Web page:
On the plus side, there was a good supervisory, teaching and continuous education framework in place which as a new graduate made the transition from student smoother and, as the years went by, ensured continuous development as a physiotherapist. By changing rotations every six months, this gave me a taster of all the different areas of physiotherapy and made me realise which ones suited me.

Will you stay in Singapore much longer?

After three years, I decided that while I had furthered my career as much as possible in a public hospital, I was not done with Singapore. I was still enjoying life here and I had a good social circle here so I chose to stay. I had decided that I wanted to work in a private clinic and the opportunities in the private sector here were something that even now are much greater and more secure than at home. The large expatriate community combined with the active lifestyle of Singapore means that clinics are in high demand. This is a completely different setting to the hospital and an experience I am thoroughly enjoying. I never thought that I would still be in this little red dot four years on with no intention of leaving soon.

Did you find it hard to make friends there?

Even though work initially was tough, socially it was the complete opposite. The Irish community here are very close. It helps that there were people who were in the same line of work, of a similar age and also new to Singapore when I came here first. A big thing that helped me settle in here and make friends was the Singapore Gaelic Lions GAA club.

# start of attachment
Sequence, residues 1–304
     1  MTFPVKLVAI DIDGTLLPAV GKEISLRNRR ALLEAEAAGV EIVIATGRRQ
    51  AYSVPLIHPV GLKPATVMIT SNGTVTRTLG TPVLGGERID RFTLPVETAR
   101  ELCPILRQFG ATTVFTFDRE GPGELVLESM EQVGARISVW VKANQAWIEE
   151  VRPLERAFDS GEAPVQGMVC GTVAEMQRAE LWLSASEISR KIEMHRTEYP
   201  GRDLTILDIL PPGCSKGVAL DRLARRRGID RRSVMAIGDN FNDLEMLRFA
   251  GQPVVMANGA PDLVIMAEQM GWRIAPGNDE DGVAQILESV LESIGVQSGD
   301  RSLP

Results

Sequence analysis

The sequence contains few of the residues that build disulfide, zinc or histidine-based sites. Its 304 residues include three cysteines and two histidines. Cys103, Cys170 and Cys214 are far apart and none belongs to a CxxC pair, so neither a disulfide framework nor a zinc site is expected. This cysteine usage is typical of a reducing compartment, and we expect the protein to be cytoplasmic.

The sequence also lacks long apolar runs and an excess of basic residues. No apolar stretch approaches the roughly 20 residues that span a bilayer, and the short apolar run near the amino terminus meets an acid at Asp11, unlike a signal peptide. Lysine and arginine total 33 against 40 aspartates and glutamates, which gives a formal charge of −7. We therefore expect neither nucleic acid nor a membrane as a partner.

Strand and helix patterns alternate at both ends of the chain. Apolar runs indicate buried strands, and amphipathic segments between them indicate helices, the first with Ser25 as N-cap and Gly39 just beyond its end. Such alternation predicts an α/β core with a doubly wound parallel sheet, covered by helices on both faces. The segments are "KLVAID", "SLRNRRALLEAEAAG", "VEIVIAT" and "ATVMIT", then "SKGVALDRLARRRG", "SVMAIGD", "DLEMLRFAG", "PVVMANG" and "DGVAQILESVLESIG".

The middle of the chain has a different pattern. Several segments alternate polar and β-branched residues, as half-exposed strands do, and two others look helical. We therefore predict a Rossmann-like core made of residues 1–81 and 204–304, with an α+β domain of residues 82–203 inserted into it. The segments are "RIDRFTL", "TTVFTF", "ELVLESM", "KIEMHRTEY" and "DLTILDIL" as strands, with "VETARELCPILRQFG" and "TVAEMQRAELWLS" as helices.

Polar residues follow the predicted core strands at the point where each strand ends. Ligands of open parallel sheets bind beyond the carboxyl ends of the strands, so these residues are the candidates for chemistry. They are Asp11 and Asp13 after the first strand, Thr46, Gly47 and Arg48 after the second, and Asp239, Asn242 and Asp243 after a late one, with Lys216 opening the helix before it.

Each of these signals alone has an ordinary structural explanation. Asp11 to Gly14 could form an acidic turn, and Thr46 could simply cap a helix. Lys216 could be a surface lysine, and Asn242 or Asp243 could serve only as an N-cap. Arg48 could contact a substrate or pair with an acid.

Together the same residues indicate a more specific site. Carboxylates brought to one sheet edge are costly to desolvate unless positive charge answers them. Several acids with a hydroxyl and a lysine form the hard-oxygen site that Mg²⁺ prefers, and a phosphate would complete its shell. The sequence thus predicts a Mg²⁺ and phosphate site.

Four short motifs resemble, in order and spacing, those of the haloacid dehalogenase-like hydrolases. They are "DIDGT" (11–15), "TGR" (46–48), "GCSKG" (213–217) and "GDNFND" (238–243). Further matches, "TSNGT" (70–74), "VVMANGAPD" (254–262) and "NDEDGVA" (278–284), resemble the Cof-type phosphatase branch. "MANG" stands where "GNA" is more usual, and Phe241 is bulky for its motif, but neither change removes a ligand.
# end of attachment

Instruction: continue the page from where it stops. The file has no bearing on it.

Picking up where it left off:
At home, I always had a big interest in Gaelic Football but had never actually played. As the biggest GAA club in Asia, SGL welcomes everyone no matter what country you are from or how little experience with the GAA you have. It truly is more of a family. It has given me lifelong friends and great experiences along the way, from playing in the Asian Gaelic Games as far north as Shanghai to travelling to Darwin for a friendly game.

What else do you like about Asia?

Travelling is another thing which has been a highlight of my life here. As travel is so convenient and cheap, it is something which life here revolves around. You are always looking forward to or planning your next trip. Over the past few years I’ve been to places I had never ever dreamed I would visit. However, I’m not done yet, I still have a few on the bucket list.

Having said all of the above, Ireland will always be home and I do miss everything about it, in particular the distance from family. I intend to relocate back in the not too far future. But for now, I am making the most of this fantastic opportunity and counting my blessings that I have had a chance to experience it.

This article forms part of a new series for Irish Times Abroad on the opportunities worldwide for Irish healthcare workers.